Abundant data now indicate that we humans are very closely related to other hominids including chimpanzees, bonobos, gorillas and orangutans (the so-called ‘great apes’, hereafter called nonhuman hominids, or NHHs) [11–13]. Indeed, humans are closer genetically to chimpanzees and bonobos than they are to gorillas and orangutans. And humans are closer genetically to the chimpanzee/bonobo clade than mice and rats are to each other [12,13]. Thus, it was reasonable to expect that chimpanzees would be good models for understanding human disease . Prior to the recognition of their extreme cognitive similarities to humans and the resulting ethical concerns [15–18] large numbers of chimpanzees were thus placed in captivity, to be used for modelling of human diseases. While recent recommendations have markedly curtailed and almost eliminated the use of chimpanzees in biomedical research , there was already a considerable body of published and unpublished information regarding their disease profiles, particularly from facilities in the USA. Surprisingly, surveys of this existing information suggest that several common human diseases may be partially or completely unique to our species, and that the captive chimpanzee population may suffer from different profiles of pathology [19–22].
4. Extant literature suggests that carcinomas are uncommon in ‘great apes’
Among these apparent differences in disease incidence, one that has been emphasized in multiple reports is the rarity of occurrence of common human carcinomas in captive chimpanzees. Earlier surveys reporting on disease profiles and causes of death in captive chimpanzees from US facilities noted the rarity of these cancers [23–27]. A more recent thorough analysis  listed all neoplasms documented at two long-standing major US facilities from their inception many decades ago, through mid-2008. While the denominator (the total number of chimpanzees and life years at risk) was not made clear, there were only nine spontaneously arising epithelial malignancies reported over these many decades of observations of colonies that measured in the many hundreds. Moreover, even these cancers did not arise in the usual sites observed in humans, and were: one kidney carcinoma, one malignant carcinoma of the uterus, one basal-squamous carcinoma, one thyroid carcinoma, one adenocarcinoma of the parotid salivary gland, one nasopharyngeal carcinoma and three hepatocellular carcinomas (HCCs). There were a few additional cases of HCCs that were associated with experimental chronic hepatitis infection. No carcinomas of colon, breast, lung, prostate, stomach, pancreas or ovary were reported in this cohort . Another recent review  indicates that the incidence of tumours in nonhuman primates does increase with age but that malignancies of the haematopoietic system are most frequent.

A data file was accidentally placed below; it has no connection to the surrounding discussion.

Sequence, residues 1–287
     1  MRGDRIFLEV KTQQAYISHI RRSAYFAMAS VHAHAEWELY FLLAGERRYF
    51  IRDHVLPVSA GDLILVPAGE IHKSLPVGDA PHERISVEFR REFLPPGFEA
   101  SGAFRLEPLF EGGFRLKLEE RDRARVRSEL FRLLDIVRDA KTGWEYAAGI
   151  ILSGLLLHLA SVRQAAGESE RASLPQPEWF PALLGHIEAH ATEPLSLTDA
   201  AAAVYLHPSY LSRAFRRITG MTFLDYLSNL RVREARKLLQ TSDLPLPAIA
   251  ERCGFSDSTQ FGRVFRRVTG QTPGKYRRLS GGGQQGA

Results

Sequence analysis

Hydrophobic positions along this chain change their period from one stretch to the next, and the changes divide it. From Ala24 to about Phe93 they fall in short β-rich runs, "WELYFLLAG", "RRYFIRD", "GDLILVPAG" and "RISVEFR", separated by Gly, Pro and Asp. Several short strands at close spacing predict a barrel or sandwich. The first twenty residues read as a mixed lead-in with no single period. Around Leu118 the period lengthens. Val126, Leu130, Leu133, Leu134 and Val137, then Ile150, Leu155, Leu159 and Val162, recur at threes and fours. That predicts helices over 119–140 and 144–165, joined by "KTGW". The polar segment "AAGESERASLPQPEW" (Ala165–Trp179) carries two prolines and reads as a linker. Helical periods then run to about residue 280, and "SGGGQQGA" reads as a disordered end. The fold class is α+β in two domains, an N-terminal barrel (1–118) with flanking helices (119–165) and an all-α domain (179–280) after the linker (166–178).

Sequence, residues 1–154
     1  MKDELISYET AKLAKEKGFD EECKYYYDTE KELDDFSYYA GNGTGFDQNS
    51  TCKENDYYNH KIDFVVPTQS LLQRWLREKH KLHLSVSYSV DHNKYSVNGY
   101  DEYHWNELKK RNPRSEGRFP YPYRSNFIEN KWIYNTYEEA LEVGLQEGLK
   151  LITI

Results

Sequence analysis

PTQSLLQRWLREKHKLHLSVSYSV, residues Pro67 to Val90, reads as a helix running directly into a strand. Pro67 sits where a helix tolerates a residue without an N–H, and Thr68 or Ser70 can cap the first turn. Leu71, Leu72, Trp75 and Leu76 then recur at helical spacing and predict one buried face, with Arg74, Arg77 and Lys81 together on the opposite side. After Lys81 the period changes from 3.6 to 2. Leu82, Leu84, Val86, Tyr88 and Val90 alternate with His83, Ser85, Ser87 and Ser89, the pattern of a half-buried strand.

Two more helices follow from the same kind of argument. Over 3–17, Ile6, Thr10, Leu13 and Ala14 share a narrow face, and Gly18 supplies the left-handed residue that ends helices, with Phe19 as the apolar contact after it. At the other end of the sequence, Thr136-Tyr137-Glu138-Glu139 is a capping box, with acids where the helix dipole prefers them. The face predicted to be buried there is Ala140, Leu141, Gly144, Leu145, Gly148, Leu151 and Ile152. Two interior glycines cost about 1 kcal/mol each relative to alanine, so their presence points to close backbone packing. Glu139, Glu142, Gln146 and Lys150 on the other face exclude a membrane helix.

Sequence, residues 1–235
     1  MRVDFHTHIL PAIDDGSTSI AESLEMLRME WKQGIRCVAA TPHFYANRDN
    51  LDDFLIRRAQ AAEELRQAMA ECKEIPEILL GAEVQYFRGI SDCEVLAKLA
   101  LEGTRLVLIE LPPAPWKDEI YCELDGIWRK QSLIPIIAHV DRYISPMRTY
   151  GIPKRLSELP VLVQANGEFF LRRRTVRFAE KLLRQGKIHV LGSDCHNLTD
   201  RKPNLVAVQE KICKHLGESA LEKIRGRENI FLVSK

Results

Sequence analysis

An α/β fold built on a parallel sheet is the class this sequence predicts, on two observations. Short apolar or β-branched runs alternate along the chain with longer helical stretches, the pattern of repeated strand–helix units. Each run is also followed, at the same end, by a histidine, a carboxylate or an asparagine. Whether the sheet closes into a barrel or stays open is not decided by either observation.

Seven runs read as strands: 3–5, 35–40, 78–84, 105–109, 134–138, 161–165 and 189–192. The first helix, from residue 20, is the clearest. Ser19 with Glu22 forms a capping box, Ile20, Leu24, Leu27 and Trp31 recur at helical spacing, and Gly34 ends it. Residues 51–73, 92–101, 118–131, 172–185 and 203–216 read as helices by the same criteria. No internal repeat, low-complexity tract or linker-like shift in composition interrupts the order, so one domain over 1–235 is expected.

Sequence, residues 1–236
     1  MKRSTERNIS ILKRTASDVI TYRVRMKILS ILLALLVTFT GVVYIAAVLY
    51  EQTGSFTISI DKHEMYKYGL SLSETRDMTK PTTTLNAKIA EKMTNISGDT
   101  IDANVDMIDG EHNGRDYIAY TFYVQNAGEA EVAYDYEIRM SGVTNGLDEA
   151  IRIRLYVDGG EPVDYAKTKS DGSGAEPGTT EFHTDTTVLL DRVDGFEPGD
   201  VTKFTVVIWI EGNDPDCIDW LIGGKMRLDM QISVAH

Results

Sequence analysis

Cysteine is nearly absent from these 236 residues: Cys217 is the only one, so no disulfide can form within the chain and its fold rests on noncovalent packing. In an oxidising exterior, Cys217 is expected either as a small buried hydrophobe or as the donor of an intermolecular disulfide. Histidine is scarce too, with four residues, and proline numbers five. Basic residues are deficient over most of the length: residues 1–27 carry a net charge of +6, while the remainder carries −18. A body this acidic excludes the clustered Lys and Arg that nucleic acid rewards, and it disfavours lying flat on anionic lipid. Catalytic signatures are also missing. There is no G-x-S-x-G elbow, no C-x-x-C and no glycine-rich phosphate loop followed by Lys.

5. Simple ascertainment bias appears an unlikely explanation
In addition to ethical considerations, ‘great apes’ are charismatic animals, and also represent a very expensive and valuable long-term investment. Thus captive NHHs in research facilities and zoos are typically the recipients of excellent veterinary care and are often subjected to careful necropsies when they die. As a consequence, benign tumours and other neoplasms that are relatively uncommon in humans are routinely reported in this population (the above-mentioned review  documented 89 benign tumours). Overall, it thus seems unlikely that the apparent rarity of the common human carcinomas in NHHs is simply a matter of ascertainment bias. Notably, we are not just referring to microscopic disease, which is nowadays picked up by early detection methods in humans. Prior to the era of modern medicine, untreated carcinomas in humans used to manifest during an individual's lifetime with grossly evident or symptomatic primary or metastatic tumours. One would expect the same to happen in NHHs, who are not subjected to surveillance for microscopic disease. On the other hand, examination at post-mortem is of course biased towards internal organs.
6. Inadequacy of numbers surveyed
All told, there are probably only a few thousand NHHs that have been carefully studied in captivity over the past century. Thus, no reliable comments can be made about diseases that have the relative frequency of less than 1 per 100 in the human population. However, many of human carcinomas we have mentioned have an incidence rate well above that threshold. Thus, while a systematic re-analysis is needed, it seems likely that the population surveyed should have been sufficient to pick up these tumours, if they were indeed occurring. On the other hand, when larger populations of monkeys have been surveyed, the occurrence of carcinomas is more evident [26,28–30]. But even in a large series of baboons surveyed for squamous cell carcinomas, only 13 cases were found in more than 3000 animals in captivity .
7. Differences in life expectancy and population demographics
As mentioned earlier, most human carcinomas occur later in the lifespan. Thus, given the fact that the NHHs appear to age more rapidly and die earlier , one possible explanation is that they simply do not live long enough to experience the same carcinoma risk that humans do. However, with progressive improvements in veterinary care, these animals can now live into the fourth or even early fifth decade of life, and a few survive to the age of 60 . Thus, one might have expected to see a few cases of adenocarcinomas of the colon, breast, ovary or pancreas, which do occur in humans before the age of 50. But any conclusions must remain speculative until there is a systematic survey of the entire population demographics of captive chimpanzees and other ‘great apes’ from all facilities that have routinely performed complete necropsies. Of course, this question is impractical to address for NHHs that live in the wild, because they die earlier, and also because necropsies are hardly ever possible in such cases. Necropsies performed on African and Asian sanctuary NHHs may be more detailed, but their accuracy would depend on the time of recovery of the bodies after death, as post-mortem autolysis would be rapid under tropical conditions.